Brickbats

Brickbat: Trust Us

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Some agencies in New Jersey are refusing open records requests that would show how they are reacting to the coronavirus pandemic and how they are implementing a series of emergency orders by Gov. Phil Murphy, citing the state's 2005 Emergency Health Powers Act. That act says that "any correspondence, records, reports and medical information made, maintained, received or filed pursuant to this act shall not be considered a public or government record." State Senate Majority Leader Loretta Weinberg, one of the law's sponsors, says that despite the language of the law she did not think it would be used to deny public access to records. Weinberg also sponsored a law that passed earlier this year that changed a requirement that state and local governments respond to an open records request in seven days. The new law, passed as part of a package of bills to address the pandemic, says governments must make a "reasonable effort" to meet that deadline or "as soon as possible thereafter."

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  1. Wow! If only authoritarians had thought of this earlier last century. What a different world we’d have today!

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  2. State Senate Majority Leader Loretta Weinberg, one of the law’s sponsors, says that despite the language of the law she did not think it would be used to deny public access to records.

    Who knew back then that one day New Jersksey would apply her law as written.

    1. Ha!

    2. Well done!

    3. “State Senate Majority Leader Loretta Weinberg, one of the law’s sponsors, says that despite the language of the law she did not think.”

      FTFY

  3. If it saves just one life

    1. If it saves just one of the right lives.

      FTFY – Our governor is a big fan of identity politics.

  4. State Senate Majority Leader Loretta Weinberg is no fool, what else could that language have meant other than what it says? But she’s going to pretend to be shocked – shocked! – to find the language is being interpreted as meaning exactly what it says, and she knows damn well why it says what it says.

    If you’re crafting legislation you want to see enacted into law, it takes a year or more to write up your proposed bill, not because the legal and technical language is so difficult but because you don’t simply write up a bill and then throw it out on the Congressional floor for debate and voting. No, you want to make sure your bill is going to pass before you bother to introduce it. So you take your proposed bill around to the most powerful and influential members and ask them what it would take to get them to support the bill, their answer is always going to be something along the lines of “what’s in it for me?” It takes a year or more to get your bill written due to the protracted negotiations over the horse-trading, the back-scratching, the palm-greasing, the log-rolling, the ass-kissing and the ass-kicking, the backroom wheeling and dealing to pay off all the people who need to be paid off. It’s how the sausage gets made.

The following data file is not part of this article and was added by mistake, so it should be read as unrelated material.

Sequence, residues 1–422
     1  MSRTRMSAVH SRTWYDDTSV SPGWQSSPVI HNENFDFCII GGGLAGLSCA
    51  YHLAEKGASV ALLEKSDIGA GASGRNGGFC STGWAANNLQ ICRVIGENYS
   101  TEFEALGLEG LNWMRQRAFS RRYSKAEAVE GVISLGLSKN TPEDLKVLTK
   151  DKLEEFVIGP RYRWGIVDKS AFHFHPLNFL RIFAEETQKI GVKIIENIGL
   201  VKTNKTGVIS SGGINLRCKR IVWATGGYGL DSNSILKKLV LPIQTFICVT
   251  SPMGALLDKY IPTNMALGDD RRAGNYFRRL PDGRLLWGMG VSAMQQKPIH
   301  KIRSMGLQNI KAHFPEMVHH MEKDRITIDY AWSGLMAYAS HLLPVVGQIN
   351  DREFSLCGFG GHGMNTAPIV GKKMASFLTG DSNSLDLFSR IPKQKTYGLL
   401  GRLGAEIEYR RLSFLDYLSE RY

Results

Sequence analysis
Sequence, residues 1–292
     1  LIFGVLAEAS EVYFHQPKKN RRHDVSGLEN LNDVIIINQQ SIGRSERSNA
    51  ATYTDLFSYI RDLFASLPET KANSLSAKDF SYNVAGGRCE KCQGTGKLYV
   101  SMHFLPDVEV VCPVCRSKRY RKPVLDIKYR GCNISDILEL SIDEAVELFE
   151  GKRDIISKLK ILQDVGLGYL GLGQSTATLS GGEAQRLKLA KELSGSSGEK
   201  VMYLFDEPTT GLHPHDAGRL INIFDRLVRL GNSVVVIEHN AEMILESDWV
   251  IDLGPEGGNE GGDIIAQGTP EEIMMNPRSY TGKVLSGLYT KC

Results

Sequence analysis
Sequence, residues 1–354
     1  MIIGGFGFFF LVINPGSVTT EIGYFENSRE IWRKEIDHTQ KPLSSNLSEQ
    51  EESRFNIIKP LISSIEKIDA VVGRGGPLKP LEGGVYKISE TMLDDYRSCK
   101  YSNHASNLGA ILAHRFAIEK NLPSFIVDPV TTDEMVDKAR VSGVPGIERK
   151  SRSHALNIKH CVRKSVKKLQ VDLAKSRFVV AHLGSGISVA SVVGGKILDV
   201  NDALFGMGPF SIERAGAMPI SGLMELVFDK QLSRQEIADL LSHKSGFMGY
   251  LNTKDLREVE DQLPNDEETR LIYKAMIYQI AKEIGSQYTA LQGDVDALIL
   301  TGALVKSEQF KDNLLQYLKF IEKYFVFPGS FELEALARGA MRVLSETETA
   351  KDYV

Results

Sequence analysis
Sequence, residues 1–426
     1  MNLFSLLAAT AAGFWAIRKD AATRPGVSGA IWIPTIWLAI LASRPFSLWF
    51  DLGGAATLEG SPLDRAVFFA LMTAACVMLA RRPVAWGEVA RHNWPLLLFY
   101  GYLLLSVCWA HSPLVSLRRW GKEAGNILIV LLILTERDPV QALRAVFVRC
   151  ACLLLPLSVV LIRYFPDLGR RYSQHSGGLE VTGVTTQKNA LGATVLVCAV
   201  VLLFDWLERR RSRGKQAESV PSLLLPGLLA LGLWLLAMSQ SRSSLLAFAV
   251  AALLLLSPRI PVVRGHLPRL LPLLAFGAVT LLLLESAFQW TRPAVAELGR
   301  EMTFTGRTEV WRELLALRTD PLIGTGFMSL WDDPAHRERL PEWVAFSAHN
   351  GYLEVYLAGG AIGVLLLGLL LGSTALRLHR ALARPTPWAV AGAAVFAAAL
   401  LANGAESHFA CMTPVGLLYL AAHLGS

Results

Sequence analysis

Emergency declarations must be made fast, there’s no time for the protracted negotiations, the wheeling and dealing has to be real damn direct – “gimme my fucking pound of flesh or I’ll cut your nuts off on the next budget negotiation, and remember I’ve got pictures of you and that intern.” It’s how the sausage gets made when you need the sausage real quick.

    So no, that language didn’t get mysteriously entered into the language of the bill, everybody knows damn well what it means and what it’s there for. You don’t have to bother with the vague language and the nod-and-a-wink deals, the plausible deniability and the secret meetings – feel free to send your extortion demands straight to the governor because nobody’s ever going to see them.

    1. Politicians love the 1,000+ page bills because it is easier to hide the backroom deals from the public, and the opposition if you can get the bill to a vote before they get a chance to scrutinize.

    2. +1

  5. Loretta Weinberg, one of the law’s sponsors, says that despite the language of the law she did not think it would be used to deny public access to records.

    Loretta Weinberg: Stupid or Evil?

    1. and

    2. Why not both?

    3. I didn’t see where she said what the language was intended to do.

      1. I heard that someone asked her but she declined to answer, citing the state’s 2005 Emergency Health Powers Act.

    4. Education: University of California, Berkeley, Fairleigh Dickinson University

      I’m going to go with evil.

  6. “any correspondence, records, reports and medical information made, maintained, received or filed pursuant to this act shall not be considered a public or government record.”

    I don’t get it. They just shared the information over some privately-owned media platform. Just go file suit against them. Duh. Easy peasy.

  7. That act says that “any correspondence, records, reports and medical information made, maintained, received or filed pursuant to this act shall not be considered a public or government record.” State Senate Majority Leader Loretta Weinberg, one of the law’s sponsors, says that despite the language of the law she did not think it would be used to deny public access to records.

    I’m guessing this is another case of “they had to pass it to find out what was in it.”

  8. As big a target this lady has made herself, I hesitate to say there might be a legit reason (other than secretive tyranny). After having spent years working with gobblety-gook regulations on medical privacy, just a guess that she probably intended the law to not release medical information about patients.

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